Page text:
W03 - The ‘do-ability’ of an appreciative inquiry PhD Tamsin MacBride - United Kingdom

Wednesday, March 20, 2019 10:45 AM - 12:00 PM
Workshop
Topics
AI research and development
Information

We are a group of researchers who have undertaken/are undertaking a PhD using Appreciative Inquiry (AI), valuing its strength based, possibility and generativity focus. As part of an ongoing inquiry group we have been exploring the tensions between the methodology of AI and the traditional PhD approach.
Action research, once at odds with the traditional PhD route has become a legitimate methodology across disciplines. Literature also discusses tensions surrounding participatory action research (PAR) and the traditional PhD route. As a group of researchers at various stages of our research careers we concur with the view of Moore (2004) that choosing this mode of research can potentially lead one into a ‘paradigmatic battle’. We will explore in our workshop how this ‘battle’ or encounter with differing views within academic cultures, can present opportunities for robust dialogue and high quality research outputs. With Appreciative Inquiry increasing in popularity as a research methodology it seems timely to explore and develop guidance around supporting PhD researchers in adopting this approach.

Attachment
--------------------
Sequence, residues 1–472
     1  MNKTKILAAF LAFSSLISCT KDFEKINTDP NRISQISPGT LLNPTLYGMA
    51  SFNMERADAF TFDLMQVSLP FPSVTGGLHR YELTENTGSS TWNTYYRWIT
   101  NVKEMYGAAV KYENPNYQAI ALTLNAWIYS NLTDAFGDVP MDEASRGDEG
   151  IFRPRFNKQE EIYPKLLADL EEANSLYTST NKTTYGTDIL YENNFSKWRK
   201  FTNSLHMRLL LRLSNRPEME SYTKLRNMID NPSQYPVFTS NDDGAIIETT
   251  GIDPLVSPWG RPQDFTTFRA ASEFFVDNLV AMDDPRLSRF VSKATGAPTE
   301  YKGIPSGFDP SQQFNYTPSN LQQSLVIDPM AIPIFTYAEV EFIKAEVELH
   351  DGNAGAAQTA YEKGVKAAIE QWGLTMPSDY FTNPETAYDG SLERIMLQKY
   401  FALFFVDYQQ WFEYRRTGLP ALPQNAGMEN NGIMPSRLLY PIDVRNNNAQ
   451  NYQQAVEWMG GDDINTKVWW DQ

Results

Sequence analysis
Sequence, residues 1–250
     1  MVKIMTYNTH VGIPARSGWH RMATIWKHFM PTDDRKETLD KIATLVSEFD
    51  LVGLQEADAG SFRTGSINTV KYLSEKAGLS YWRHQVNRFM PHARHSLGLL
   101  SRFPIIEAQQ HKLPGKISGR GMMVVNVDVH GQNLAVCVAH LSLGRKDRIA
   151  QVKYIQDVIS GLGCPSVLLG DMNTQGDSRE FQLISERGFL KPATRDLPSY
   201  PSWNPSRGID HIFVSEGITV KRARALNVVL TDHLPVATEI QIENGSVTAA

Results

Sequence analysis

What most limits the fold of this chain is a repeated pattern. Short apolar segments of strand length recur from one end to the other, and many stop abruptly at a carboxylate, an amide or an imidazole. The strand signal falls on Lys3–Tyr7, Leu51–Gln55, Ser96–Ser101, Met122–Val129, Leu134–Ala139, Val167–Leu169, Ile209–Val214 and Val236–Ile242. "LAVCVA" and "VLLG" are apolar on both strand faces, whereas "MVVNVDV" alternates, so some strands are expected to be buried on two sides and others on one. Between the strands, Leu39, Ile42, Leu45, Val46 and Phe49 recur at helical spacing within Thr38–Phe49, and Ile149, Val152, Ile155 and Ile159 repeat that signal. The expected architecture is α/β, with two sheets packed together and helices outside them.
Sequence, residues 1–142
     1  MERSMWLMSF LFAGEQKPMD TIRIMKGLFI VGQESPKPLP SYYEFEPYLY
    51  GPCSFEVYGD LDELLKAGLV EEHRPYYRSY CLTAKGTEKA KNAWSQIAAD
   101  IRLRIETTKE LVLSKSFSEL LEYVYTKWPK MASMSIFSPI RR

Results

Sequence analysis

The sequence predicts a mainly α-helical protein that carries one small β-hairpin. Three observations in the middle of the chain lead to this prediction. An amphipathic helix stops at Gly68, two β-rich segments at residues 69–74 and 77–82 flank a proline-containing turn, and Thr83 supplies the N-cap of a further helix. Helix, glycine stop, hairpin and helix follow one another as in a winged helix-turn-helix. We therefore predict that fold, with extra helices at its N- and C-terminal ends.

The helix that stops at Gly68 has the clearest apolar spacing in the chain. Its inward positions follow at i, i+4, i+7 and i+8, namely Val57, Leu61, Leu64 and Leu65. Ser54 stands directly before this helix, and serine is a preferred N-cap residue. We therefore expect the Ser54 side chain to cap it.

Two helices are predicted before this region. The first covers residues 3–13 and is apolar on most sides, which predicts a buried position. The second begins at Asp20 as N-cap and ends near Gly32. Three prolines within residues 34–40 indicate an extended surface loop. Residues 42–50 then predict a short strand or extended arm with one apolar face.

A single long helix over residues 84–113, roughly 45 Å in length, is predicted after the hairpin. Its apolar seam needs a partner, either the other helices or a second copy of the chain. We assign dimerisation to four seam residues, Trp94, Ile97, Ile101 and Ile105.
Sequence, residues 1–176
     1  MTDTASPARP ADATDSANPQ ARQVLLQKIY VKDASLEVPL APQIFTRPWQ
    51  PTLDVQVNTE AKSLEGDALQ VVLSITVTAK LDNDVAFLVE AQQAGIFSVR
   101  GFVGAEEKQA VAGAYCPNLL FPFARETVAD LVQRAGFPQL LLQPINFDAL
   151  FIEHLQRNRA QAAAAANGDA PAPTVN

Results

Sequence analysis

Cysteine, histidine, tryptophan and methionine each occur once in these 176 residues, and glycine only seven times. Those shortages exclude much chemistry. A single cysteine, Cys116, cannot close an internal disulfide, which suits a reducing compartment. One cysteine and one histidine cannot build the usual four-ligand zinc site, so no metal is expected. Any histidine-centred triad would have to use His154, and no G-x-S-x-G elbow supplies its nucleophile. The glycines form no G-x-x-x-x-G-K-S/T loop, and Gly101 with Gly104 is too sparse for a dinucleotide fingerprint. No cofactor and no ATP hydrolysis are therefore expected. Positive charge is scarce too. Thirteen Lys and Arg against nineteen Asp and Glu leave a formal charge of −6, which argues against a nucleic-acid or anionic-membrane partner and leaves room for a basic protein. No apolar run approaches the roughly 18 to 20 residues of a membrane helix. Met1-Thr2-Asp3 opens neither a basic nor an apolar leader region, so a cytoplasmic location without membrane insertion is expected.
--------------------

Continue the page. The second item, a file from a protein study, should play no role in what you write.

During this workshop, we will share with participants our own journeys of being Appreciative Inquirers during our PhD studies. We will then invite participants to explore with us possibilities in terms of how to support PhD students and their supervisors using Appreciative Inquiry. Using a range of creative methods we will facilitate dialogue around the following themes:
• Appreciative Inquiry- Structure and (exploring) Self – How might we understand spaces for inquiry into self, and the role of emergence within the traditional PhD structure?
• Appreciative Inquiry and writing with a critical voice- what can this look like in the context of an appreciative literature review
• Appreciative Inquiry and Demonstrating Quality- how might we support PhD students in creating convincing arguments for the rigor and quality of AI and what does Bushe and Kassam’s (2005) transformational change criteria have to contribute to this?
• Appreciative inquiry and New Knowledge- How might we best understand the requirement for new knowledge when using a methodology that forefronts ‘inquiry as intervention’ and asks ‘what might yet become?’ ahead of describing ‘what is’
As an output of this workshop we hope to co-create guidance that may potentially support future PhD students using Appreciative Inquiry as their methodology and their supervisors.